Having survived the snorkeling trip to Los Túneles without a relapse in my illness, for Christmas Day I headed out on the second tour I’d organized for Isabela Island – a hiking tour to Sierra Negra and Volcán Chico.
Once again, the day began overcast and, as we bused to the starting point of the trail, we ascended into fog. We stood in light drizzle as our guide explained it would be a 16km hike, and I almost had to laugh at the enormous groan that went up from the other 12 people in the group. My reaction was “OK – let’s go”, even with lungs full of fluid from the flu, but clearly I’m starting from a different hiking baseline than the majority of people.
We hiked the first 3km in fog. It was nice and cool and very enjoyable chatting with a couple of my fellow hiking companions.
What wasn’t so nice was that when we got to the first of the viewpoints, we could see absolutely nothing.
Our guide explained that this was common at this time of year when the ocean currents and winds push cloud up against the southern side of the mountain. He suggested we continue to the next viewpoint and perhaps we’d have better luck there…
Ummmmm…. Nope. I didn’t even bother to take a photo. On to the third viewpoint…
Fortunately, here the fog was starting to clear and we could see part of the second-largest caldera in the world (the largest is Mauna Loa in Hawaii).
The caldera of Sierra Negra is about 10km wide, and looking out across such an enormous expanse of flat, black, cooled lava is incredible.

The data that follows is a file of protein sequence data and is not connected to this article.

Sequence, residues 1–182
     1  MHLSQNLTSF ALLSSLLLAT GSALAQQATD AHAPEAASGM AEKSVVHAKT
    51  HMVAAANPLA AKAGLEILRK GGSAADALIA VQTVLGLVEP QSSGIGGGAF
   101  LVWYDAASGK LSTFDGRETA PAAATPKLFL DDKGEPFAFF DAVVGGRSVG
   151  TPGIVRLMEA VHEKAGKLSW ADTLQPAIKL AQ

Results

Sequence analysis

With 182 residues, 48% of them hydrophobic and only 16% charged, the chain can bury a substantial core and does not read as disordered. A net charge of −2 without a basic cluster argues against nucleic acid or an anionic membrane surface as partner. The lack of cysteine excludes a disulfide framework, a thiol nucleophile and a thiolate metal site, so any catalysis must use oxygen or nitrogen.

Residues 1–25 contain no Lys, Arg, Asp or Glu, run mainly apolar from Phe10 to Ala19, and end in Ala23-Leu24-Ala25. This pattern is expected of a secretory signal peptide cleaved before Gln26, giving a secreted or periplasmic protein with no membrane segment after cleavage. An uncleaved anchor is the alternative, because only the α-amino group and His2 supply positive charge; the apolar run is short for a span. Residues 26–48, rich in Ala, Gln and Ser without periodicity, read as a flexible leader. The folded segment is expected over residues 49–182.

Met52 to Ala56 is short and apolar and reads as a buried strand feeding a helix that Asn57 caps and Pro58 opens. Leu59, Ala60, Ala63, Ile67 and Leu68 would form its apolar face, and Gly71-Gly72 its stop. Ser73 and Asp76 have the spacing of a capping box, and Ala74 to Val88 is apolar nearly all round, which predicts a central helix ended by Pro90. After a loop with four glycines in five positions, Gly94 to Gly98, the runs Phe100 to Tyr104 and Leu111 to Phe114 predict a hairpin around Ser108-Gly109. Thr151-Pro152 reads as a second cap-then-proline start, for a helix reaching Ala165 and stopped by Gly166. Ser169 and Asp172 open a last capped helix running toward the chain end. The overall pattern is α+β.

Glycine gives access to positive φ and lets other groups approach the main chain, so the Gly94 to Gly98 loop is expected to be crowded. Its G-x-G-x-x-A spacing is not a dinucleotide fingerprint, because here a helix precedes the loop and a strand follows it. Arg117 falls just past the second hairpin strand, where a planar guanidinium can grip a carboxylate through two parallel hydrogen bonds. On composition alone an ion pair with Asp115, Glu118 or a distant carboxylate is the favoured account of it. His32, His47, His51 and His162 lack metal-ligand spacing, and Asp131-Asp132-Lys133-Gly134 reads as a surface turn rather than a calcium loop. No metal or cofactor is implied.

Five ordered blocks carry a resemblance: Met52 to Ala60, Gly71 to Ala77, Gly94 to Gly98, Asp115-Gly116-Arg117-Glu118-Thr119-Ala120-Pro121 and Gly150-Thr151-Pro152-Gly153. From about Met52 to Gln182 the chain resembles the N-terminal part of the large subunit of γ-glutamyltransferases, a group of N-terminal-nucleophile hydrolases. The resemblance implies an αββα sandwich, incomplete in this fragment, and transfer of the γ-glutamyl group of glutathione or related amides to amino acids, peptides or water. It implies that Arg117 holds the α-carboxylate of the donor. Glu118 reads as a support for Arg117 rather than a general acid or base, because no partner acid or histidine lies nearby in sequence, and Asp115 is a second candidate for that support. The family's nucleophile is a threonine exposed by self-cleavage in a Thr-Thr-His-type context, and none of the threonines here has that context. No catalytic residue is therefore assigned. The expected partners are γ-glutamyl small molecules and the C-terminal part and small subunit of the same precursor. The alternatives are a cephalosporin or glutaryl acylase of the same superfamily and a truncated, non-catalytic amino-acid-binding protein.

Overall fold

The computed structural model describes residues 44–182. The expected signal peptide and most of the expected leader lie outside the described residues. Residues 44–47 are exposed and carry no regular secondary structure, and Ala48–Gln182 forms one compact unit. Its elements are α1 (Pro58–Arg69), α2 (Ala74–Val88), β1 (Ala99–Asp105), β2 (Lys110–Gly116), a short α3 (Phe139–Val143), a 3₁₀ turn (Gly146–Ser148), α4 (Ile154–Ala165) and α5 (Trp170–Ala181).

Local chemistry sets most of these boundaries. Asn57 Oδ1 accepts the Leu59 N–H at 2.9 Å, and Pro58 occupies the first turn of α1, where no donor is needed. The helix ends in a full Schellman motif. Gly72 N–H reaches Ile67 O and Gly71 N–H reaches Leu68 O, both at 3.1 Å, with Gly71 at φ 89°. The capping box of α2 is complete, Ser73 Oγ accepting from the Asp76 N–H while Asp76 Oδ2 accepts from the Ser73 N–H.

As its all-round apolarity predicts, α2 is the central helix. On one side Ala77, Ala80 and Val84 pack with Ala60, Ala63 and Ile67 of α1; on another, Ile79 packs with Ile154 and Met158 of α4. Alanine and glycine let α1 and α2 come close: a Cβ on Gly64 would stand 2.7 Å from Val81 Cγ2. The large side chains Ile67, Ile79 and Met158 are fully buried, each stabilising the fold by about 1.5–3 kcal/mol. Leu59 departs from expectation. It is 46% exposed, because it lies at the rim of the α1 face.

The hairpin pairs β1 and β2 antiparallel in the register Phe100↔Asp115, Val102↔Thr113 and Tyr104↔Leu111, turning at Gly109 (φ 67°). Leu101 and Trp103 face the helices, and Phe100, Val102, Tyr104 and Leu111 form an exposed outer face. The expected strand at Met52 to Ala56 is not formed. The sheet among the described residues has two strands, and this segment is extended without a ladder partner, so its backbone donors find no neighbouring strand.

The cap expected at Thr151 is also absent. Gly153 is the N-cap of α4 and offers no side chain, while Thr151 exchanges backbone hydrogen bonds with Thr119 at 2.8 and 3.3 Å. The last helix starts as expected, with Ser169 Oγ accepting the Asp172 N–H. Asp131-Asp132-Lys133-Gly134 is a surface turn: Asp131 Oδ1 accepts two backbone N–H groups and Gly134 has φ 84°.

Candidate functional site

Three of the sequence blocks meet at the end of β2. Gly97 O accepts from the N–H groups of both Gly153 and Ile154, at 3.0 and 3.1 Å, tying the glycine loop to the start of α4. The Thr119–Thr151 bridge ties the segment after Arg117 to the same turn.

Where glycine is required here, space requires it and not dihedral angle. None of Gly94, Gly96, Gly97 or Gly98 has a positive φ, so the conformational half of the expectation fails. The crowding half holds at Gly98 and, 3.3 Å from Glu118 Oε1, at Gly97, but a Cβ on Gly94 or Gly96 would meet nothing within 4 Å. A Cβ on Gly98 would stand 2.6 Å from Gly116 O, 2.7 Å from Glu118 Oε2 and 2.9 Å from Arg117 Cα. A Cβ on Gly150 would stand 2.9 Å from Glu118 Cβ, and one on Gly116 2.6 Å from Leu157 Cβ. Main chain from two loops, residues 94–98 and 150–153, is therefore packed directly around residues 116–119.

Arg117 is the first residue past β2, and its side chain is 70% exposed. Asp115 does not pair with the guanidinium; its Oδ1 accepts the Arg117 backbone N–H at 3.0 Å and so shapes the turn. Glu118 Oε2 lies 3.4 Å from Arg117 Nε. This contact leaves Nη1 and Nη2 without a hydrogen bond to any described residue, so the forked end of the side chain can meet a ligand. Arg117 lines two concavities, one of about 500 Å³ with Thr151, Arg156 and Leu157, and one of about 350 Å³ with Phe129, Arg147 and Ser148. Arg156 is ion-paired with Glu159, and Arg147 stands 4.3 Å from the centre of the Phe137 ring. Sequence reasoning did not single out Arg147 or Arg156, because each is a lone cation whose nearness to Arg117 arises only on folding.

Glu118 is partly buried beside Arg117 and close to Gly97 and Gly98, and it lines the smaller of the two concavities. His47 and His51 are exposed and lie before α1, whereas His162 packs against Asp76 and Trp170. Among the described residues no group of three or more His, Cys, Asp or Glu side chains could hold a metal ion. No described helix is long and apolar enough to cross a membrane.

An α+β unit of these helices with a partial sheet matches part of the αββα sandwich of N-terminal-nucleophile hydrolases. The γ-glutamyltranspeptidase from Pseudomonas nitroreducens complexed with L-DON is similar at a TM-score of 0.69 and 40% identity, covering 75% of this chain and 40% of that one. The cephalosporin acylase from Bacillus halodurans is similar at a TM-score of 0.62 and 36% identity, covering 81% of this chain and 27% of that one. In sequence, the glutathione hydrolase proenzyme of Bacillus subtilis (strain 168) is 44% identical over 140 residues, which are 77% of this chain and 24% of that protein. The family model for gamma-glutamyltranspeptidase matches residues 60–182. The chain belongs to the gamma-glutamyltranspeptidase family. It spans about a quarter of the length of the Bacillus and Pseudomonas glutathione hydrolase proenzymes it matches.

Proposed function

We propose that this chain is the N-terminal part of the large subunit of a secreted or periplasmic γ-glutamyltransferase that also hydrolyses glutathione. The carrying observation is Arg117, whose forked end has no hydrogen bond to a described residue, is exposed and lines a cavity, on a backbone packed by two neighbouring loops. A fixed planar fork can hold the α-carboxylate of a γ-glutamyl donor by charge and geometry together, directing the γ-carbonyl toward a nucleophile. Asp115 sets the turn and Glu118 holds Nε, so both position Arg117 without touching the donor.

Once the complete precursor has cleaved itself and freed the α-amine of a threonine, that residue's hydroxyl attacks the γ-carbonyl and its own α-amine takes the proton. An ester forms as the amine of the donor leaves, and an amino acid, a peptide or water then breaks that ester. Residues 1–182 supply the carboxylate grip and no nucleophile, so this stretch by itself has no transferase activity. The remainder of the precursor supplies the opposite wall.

Different patterns in the lava of the floor of the caldera told the story of its formation – if only I could have interpreted it. I keep coming back to the idea that I should have continued my studies in Geology…
We spent about 20 minutes admiring the view, then hiked a further 2km to Volcán Chico.
With the fog gone, the equatorial sun beat down savagely and this last part of the hike quickly became very hot. To distract us, our guide highlighted the features of the volcanic landscape we were walking through (until this point we’d been walking along what was effectively a road). He pointed out lava tunnels and areas where small explosions had occurred, and explained the differences between a’a and pahoehoe lava.
The views from Volcán Chico (not actually a separate volcano, simply the most active part of Sierra Negra) were fantastic, and would have been really incredible on a clearer day. Again – being able to see the vast, barren lava plains of Isabela Island is amazing. I think it is the flatness and the complete lack of vegetation that makes it really capture my attention.
We spent about ½ hour at Volcán Chico before starting the return journey. The final viewpoint of the caldera was even clearer this time and I managed to steal about 10 minutes there by myself just admiring the view and relishing the silence.
I walked most of the way back by myself noticing the different types of flowers that grew every now and then along the side of the road (I was too busy talking to notice them on the way up). As the fog closed in around me offering some cool relief, I was a very happy camper having had the opportunity to see the caldera.
This is a great day trip on Isabela Island if you are prepared to walk 16km. It is not a difficult hike, though the sun can be very strong and hot, making it feel more difficult. Bring loads of sun protection (hat, sunscreen, sunglasses) even if the day looks like it is going to be rubbish.
Time: About 7 hours in total
Cost: $30 includes transport, boxed lunch, guide